Strade Bianche takes the WorldTour peloton from the cobbles of Belgium to the white roads of Tuscany. The young-but-instant classic tempts general classification contenders and one-day specialists. The 12th edition of the Italian one-day race looks set to throw up an additional challenge beyond the dirt farm tracks synonymous with the course – snow!
“I’m not surprised by the popularity of this race,” said sport director Fabrizio Guidi. “I also think that there are conditions for the popularity to continue to grow. The scenario and characteristics of the course are unique. Strade Bianche represents the answers to those looking for both spectacle and tradition and offers the opportunity for victory to climbers and classics riders.”
An on-form Sep Vanmarcke captains the EF Education First – Drapac p/b Cannondale squad on Saturday. Vanmarcke, third last weekend at Omloop het Nieuwsblad, will be joined by road captain Simon Clarke, Alex Howes, Swedish road champion Kim Magnusson, Dani Moreno, Taylor Phinney and Tom Van Asbroeck. Phinney, who missed out on Abu Dhabi Tour due to illness, makes his season debut in Siena.
“We have a strong team and start with important ambitions,” said Guidi. “It’s difficult to predict how the race will unfold in light of the weather forecast. We have a plan for every situation. We are prepared. We start to win, as always, and strategy and team spirit will make a difference.”
What Strade Bianche lacks in heritage it more than compensates for in mystique. The race has been both a fan favorite and rider favorite since inception.
“It’s a special race because it’s heroic,” said Vanmarcke. “It’s very hard to race on gravel roads. Like with a a cobbled classic, you need to be in good position, stay focused from start to finish and have some luck.”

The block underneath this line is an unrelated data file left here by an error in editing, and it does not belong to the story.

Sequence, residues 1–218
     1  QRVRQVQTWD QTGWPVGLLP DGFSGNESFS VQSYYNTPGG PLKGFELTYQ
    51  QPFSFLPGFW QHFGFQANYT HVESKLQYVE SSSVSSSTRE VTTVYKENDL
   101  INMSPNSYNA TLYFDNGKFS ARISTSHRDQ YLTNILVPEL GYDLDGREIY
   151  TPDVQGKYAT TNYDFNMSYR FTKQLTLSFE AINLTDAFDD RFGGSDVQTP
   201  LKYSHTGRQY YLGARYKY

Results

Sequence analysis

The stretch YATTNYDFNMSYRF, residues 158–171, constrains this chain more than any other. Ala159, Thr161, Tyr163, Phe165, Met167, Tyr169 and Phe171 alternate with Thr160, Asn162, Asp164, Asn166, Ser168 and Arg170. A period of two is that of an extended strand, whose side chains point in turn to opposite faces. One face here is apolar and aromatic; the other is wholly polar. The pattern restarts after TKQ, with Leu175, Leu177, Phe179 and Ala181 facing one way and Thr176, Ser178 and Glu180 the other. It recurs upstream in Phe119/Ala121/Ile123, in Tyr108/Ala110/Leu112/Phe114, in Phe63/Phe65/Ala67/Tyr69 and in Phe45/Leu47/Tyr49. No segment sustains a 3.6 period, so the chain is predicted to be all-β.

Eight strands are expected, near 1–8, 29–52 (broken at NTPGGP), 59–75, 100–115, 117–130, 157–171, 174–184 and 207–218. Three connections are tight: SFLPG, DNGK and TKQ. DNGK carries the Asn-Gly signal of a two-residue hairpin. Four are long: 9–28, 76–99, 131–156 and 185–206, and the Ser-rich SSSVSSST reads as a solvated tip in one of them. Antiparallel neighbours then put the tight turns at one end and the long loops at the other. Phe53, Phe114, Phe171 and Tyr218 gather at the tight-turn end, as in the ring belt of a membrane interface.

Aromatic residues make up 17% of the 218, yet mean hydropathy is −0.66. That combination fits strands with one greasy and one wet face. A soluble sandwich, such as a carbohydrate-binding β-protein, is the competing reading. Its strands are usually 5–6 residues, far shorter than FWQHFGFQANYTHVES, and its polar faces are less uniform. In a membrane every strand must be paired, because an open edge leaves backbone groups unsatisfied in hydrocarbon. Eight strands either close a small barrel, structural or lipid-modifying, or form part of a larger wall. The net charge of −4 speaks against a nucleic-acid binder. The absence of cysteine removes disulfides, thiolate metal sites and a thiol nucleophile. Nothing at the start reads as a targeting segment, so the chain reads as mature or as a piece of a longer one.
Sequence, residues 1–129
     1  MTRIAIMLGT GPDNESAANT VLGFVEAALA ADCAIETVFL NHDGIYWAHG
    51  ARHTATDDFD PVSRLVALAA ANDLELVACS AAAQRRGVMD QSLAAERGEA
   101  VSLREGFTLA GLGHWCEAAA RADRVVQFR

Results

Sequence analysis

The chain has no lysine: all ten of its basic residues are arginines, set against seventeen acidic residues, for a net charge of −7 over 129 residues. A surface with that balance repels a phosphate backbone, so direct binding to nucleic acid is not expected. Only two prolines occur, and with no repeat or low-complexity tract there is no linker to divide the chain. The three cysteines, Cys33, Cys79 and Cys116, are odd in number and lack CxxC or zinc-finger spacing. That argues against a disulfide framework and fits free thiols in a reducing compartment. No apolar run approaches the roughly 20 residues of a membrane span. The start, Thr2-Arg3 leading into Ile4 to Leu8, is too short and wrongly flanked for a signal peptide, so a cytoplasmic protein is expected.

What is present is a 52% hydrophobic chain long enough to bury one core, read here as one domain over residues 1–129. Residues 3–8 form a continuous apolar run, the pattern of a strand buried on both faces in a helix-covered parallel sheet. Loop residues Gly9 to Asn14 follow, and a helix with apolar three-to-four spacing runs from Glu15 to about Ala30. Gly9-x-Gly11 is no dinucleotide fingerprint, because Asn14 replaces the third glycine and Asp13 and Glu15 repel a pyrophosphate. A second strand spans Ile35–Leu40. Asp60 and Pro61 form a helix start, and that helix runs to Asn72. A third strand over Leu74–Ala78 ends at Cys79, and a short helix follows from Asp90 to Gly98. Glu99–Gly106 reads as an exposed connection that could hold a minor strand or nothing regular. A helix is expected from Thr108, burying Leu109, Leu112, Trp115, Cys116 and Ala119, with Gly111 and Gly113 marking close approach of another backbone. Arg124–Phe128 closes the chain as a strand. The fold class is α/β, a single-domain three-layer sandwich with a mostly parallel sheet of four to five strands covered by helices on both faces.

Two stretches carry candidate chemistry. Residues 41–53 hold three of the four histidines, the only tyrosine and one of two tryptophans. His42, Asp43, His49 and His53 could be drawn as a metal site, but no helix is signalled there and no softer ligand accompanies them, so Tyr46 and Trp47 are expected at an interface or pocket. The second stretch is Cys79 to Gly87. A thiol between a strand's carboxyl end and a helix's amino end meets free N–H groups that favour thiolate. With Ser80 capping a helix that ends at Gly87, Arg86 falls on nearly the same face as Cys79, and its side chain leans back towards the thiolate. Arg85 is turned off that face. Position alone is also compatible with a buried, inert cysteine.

Saturday’s 184-kilometer course takes the peloton through the Chianti and Brunello vineyards in the Tuscan hills. The route includes 11 gravel sectors, totaling 63 kilometers of dirt roads or 34% of the unforgiving course. The race is typically one of attrition, with selections made over the sharp climbs and descents featured in final few sectors. Traditionally, it’s the cobbled climb to Siena’s Piazza del Campo with 900 meters still to race that determines the victor.
Weather conditions may force a departure from tradition. Snow began to fall in Southern Tuscany on Thursday and temperatures dipped below freezing. Current forecasts call for milder temperatures and rain on Saturday, which would turn dusty dirt to soupy mud.
“Growing up in the Rocky Mountains of Colorado, most of my favorite routes incorporate wild dirt roads where conditions are often times unpredictable and inhospitable,” said Howes. “To have a spring classic on dirt with the potential for snow is a dream come true for me.”
“The snow can upset this race, making it very hard,” said Guidi. “We’re not worried about this. The weather conditions support us and our goals.”
#PinkArgyle’s early season success has cultivated a team-wide sense of momentum, ambition and optimism headed into Strade Bianche.
“The team on a whole feels like it’s been given a second chance,” said Howes. “Everyone knows that with second chances, anything is possible. Plus, we’re pink. Who needs rosy-colored lenses when the whole kit is pink?”
EF Education First – Drapac p/b Cannondale for 2018 Strade Bianche:
Fabrizio Guidi (ITA)
Ken Vanmarcke (BEL)
Simon Clarke (AUS)
Alex Howes (USA)
Kim Magnusson (SWE)
Dani Moreno (ESP)
Taylor Phinney (USA)
Tom Van Asbroeck (BEL)
Sep Vanmarcke (BEL)